What’s fascinating about gamers is their complexity, diversity and motivating factors. Massive open world games like Minecraft, DayZ, and World of Warcraft attract users from every demographic one can imagine. It’s the only place you’ll find a middle-school boy, a middle-aged housewife in another country, and a medical student and her boyfriend working together to achieve the same goal.
Nick Yee’s research returns a startling 11-69 year-old age range for gamers, with the average being 30. His data destroys the existing stereotype of gamers. No longer can one claim gaming is exclusively for teenage males. This is empirically not the case. People in their 30s make up the highest percentage of console (XBOX, Nintendo, PlayStation) gamers, six times larger than the amount of teenagers. For computer gamers, the average age is 35, with 26% of the players over 50.
In a three-year study of 30,000 gamers, Yee revealed that only 25% of gamers fit the stereotype of teenagers. To the contrary, 50% of players work full-time and 22% were full-time students. 13% of women were homemakers. 33% were married and 31% had kids. Additionally, professional gamers earn upwards of $100,000 in prize money simply for winning. According to Business Insider, the highest paid gamer is Johnathan Wendel (33), who earned $454,544.98 from 35 first person shooter competitions. Gaming is not just for kids. There’s both a cross-generational and cross-gender appeal.
“On screens big and small, they drive cars, fly fighter planes, sail pirate ships, create city plans or act as hockey players, Kung Fu fighters, and medieval priests. They cooperate, meet, join, quit, explore, laugh, cry, and otherwise immerse themselves in social worlds that pique imaginations and redefine self-concepts,” Reeves and Reed
Gamers dedicate a significant amount of time to interacting and participating in world. Gamers spend roughly half a workweek inside virtual worlds. 8-9% spend more than 40 hours a week in world. Even more astonishingly, nearly 60% admitted to spending a continuous 10 hours interacting in world. Why do people feel so strongly about gaming? The answer is they form emotional attachments through activities that evoke the same reactions as in the physical world.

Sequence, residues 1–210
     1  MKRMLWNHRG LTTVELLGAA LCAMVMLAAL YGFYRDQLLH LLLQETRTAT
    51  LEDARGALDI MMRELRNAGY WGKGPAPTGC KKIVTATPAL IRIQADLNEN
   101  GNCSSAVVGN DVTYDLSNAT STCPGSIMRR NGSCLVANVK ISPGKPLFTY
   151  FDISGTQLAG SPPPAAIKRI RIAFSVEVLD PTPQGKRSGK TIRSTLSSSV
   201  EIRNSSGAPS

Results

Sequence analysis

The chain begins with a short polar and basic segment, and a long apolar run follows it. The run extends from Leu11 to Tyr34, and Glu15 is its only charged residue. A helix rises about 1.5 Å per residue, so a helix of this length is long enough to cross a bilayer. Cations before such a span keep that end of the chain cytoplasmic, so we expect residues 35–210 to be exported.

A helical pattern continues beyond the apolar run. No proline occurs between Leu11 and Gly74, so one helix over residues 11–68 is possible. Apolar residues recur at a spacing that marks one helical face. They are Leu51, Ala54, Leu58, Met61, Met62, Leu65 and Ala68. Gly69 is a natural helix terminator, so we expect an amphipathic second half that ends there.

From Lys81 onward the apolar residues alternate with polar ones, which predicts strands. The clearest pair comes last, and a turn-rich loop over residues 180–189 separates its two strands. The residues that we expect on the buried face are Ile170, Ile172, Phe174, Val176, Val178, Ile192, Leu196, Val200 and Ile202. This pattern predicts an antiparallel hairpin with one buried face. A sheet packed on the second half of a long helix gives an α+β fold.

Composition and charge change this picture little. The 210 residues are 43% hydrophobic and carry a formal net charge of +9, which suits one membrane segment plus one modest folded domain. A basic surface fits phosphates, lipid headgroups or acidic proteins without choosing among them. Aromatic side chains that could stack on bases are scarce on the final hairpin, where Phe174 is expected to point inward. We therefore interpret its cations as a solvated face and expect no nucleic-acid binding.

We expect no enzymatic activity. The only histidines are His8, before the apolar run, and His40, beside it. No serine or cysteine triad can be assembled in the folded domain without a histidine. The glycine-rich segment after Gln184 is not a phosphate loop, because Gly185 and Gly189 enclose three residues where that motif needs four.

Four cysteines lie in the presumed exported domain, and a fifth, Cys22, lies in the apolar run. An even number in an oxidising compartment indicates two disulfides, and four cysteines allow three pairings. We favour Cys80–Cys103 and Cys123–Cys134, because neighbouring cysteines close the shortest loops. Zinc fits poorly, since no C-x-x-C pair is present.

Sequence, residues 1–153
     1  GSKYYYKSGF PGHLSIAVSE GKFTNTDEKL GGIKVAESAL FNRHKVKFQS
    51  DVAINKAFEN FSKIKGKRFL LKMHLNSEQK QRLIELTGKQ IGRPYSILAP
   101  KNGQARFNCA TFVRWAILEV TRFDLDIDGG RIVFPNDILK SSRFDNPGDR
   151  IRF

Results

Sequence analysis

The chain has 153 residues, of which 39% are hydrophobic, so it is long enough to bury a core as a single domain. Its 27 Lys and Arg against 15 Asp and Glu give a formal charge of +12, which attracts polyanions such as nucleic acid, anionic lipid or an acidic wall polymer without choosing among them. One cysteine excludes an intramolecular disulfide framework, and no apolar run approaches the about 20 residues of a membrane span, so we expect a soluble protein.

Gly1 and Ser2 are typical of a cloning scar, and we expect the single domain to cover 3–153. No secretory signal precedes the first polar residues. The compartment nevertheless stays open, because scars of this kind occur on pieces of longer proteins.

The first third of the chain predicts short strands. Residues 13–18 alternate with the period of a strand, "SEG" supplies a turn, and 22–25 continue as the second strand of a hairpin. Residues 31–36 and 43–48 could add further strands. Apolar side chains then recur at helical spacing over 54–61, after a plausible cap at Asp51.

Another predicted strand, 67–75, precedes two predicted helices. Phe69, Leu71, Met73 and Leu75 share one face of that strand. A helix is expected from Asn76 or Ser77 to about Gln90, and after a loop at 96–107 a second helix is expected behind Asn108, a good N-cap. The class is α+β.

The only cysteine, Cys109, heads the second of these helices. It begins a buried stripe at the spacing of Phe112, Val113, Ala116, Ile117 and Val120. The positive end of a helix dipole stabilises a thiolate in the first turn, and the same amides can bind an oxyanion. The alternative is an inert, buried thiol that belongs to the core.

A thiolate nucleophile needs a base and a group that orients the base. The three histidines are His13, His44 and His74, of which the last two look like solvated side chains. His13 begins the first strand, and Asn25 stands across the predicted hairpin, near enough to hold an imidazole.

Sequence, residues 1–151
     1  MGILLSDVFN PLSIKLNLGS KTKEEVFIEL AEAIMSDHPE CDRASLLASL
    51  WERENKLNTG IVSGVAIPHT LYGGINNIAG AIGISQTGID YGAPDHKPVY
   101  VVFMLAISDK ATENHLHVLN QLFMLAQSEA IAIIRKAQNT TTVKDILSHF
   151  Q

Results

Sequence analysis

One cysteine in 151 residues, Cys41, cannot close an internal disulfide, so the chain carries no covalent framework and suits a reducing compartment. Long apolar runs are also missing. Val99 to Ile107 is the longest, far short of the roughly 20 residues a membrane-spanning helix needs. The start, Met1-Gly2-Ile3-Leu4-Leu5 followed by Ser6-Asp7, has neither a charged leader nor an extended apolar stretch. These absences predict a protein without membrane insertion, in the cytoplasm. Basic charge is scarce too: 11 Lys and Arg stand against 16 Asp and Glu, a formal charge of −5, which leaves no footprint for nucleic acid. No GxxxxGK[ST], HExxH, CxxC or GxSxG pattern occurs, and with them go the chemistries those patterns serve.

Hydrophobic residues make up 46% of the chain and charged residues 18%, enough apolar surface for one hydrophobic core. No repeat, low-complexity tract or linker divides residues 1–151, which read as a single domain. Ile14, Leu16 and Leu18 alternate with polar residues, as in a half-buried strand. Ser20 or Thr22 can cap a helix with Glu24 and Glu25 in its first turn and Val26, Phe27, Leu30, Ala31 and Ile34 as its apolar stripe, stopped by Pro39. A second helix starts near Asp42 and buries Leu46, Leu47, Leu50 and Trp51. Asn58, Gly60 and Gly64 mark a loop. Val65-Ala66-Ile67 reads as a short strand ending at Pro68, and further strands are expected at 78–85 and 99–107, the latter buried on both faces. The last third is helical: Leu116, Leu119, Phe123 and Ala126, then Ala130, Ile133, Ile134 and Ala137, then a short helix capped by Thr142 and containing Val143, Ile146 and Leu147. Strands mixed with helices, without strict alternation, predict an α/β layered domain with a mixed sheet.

Studies show that people choose to game for a multitude of reasons, specifically achievement, immersion, exploration, competition, and socialization.
Players who strive for achievement are more interested in gaining power within the context of the game. These types of players like clear rules, hierarchy and recognition.
Those who desire immersion are gamers who are most interested in the fantasy aspect of gaming. These are the characters who try out new avatars, appearances, roles, and personalities. If gaming were high school, these would be the drama kids. They most enjoy complex plots, twists and character development. Simply, these gamers escape reality to engross themselves in the virtual world.
Gamers who are motivated by exploration are those who most appreciate the art, graphics and mechanics behind a virtual world. These players enjoy wandering through the landscapes, galaxies and otherwise infinite virtual worlds. They want to know how things work and why.
Competition certainly is an obvious motivating factor. In virtual gaming worlds, players may engage with each other in a variety of ways, through combat, riddles and duels. These gamers feed off competitive energy and enjoy working against each other.